Understanding Cancer’s Home
JANUARY 19, 2021
Contributed Commentary by Maria Zannes
When it comes to cancer, there are many tools for cancer diagnosis, from initial screenings to invasive biopsies. The one selected depends on a number of factors, not the least of which is how the patient presents. But we know one thing for sure, early detection of cancer can dramatically increase survival. Look, for example, at cervical cancer where there has been a 70% drop in death related to the disease since the 1960s when American Cancer Society guidelines first called for widespread use of the PAP test for screening.
Screening for cancer can take the form of physical exams, lab or genetic tests, or imaging. Still, tests that find cancer early—when people are asymptomatic—can result in false positives that lead to unnecessary worry and follow-up procedures for many who are cancer-free. Much of the new research into early diagnostics focuses on detecting genomic or proteomic abnormalities that predict cancer’s existence. This approach is useful in subtyping an already detected cancer for effective treatment. But the genomic approach can be less effective in early stages and with cancers that have a high mutation rate, such as lung cancer.
Mutational analysis may not be the key to early cancer detection. Cancer is insidious. It develops in a stealth-like manner to escape recognition by the immune system. Promising research focuses on how cancer changes the micro-environment to make a more hospitable home. For example, cancer cells promote subtle changes in its surrounding cells, including immune cells and growth of blood vessels for the delivery of nutrients. These changes in the micro-environment serve two major purposes for the cancer: to support cancer cell growth and escape immune surveillance. Cancer, in effect, tries its damnedest not to be found. Seeking to better understand this early tumor micro-environment may prove to be a powerful harbinger of early cancer development. In our quest for early cancer detection, we should look more closely at the complex and potentially detectable changes in the micro-environment surrounding the tumor.
A validation trial of a test looking at lung cancer’s micro-environment offers promising results. Using flow cytometry, an instrument that interrogates individual cells in a fraction of seconds, the early lung cancer diagnostic used AI-generated automated analysis of sputum to identify, among others, defining factors in the micro-environment of the lung that characterize cancer in people at high risk for the disease. The test showed 92% sensitivity and 87% specificity in detecting cancer in high risk participants who had small nodules 2 cm or less, adding to growing evidence that research into the tumor micro-environment can open new avenues, not only for early diagnosis but for new cancer therapies as well.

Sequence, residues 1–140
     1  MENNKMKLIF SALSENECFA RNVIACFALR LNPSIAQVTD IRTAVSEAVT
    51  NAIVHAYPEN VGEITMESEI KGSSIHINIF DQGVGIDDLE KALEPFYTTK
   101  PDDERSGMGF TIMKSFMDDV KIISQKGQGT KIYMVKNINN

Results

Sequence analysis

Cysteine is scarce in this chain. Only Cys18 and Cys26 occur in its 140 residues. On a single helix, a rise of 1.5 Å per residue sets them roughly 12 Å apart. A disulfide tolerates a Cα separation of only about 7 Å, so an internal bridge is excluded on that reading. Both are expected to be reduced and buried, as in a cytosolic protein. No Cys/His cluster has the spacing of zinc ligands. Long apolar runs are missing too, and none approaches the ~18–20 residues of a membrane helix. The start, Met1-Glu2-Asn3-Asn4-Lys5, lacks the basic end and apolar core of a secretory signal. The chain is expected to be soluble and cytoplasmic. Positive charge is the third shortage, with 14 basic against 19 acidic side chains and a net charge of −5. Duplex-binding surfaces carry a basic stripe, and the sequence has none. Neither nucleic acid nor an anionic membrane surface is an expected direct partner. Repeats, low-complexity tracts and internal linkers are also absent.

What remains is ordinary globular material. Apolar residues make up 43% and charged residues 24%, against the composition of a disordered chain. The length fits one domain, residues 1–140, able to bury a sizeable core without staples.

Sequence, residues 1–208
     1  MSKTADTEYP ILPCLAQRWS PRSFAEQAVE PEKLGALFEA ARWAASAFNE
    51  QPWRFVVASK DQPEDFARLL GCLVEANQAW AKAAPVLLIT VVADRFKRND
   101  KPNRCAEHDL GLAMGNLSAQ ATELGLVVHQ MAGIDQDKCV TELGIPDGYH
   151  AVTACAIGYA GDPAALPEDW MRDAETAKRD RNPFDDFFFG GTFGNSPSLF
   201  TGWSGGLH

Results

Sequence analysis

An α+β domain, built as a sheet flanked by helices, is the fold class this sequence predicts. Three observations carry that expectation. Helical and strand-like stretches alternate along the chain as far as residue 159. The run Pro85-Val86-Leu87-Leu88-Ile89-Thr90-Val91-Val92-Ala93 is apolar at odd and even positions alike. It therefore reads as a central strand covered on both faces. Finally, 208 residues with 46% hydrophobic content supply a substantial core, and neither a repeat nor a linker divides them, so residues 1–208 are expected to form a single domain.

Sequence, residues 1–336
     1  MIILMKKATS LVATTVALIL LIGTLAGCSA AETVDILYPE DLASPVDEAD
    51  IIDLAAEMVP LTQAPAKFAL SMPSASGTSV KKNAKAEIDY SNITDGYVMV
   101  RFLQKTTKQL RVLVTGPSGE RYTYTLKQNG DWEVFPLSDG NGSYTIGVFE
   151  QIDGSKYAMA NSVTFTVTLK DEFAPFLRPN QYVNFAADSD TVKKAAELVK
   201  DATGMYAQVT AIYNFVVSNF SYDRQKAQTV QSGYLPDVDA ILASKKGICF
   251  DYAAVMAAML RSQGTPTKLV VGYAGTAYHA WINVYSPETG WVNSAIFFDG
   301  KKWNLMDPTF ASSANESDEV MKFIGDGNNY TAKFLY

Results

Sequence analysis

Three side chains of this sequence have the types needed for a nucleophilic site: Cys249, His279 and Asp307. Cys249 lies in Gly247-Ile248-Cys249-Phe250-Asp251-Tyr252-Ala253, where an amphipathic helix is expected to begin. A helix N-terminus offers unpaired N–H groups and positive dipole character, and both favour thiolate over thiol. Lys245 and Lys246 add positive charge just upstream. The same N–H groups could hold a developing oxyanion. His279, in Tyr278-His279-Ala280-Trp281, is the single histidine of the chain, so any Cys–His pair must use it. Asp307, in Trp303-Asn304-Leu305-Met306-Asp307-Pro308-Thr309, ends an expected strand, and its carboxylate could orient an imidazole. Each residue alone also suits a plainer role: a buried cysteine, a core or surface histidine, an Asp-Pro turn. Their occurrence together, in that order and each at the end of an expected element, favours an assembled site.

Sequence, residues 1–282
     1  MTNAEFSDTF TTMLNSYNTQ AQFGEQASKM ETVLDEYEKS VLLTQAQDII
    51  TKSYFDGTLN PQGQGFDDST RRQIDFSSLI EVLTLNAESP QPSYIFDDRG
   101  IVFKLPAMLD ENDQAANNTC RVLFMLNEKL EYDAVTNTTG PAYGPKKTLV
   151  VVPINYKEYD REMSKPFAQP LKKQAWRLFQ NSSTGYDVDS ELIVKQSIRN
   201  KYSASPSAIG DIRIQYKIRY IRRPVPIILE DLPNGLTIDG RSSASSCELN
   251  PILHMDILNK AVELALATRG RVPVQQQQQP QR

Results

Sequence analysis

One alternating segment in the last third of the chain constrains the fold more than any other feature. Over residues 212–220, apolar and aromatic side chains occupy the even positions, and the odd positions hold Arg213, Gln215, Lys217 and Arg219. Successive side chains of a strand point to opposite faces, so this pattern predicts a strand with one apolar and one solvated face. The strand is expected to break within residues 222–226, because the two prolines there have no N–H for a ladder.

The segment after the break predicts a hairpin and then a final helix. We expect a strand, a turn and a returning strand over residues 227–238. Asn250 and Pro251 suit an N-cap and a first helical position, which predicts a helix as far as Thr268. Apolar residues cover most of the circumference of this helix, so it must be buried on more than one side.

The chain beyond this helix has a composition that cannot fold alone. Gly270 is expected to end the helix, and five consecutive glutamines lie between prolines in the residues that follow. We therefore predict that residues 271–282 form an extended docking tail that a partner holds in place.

We understand more each day about where and how cancer lives within the body. And we see more and more evidence that diagnosis of cancer at an early stage can dramatically increase survival rates. Screening programs are essential to catch cancer before a patient is symptomatic, often at an early stage when treatment is more effective and less caustic. New tests that target early cancer can help. We should continue our search in the subcellular realm, but we need to diversify our approach to early detection if we want find cancer at a stage when subtlety is its hallmark. To find cancer when it’s a newcomer, the best road may lead us to a better understanding of how the disease sets up its home.
Maria Zannes is CEO/President of bioAffinity Technologies advancing early cancer diagnostics and targeted therapeutics. With 25 years as a C-Suite executive, Maria began her career as legislative aide in the U.S. Congress. She received Columbia University’s Earth Engineering Lifetime Achievement Award and her law degree from the University of Puget Sound. She can be reached at firstname.lastname@example.org.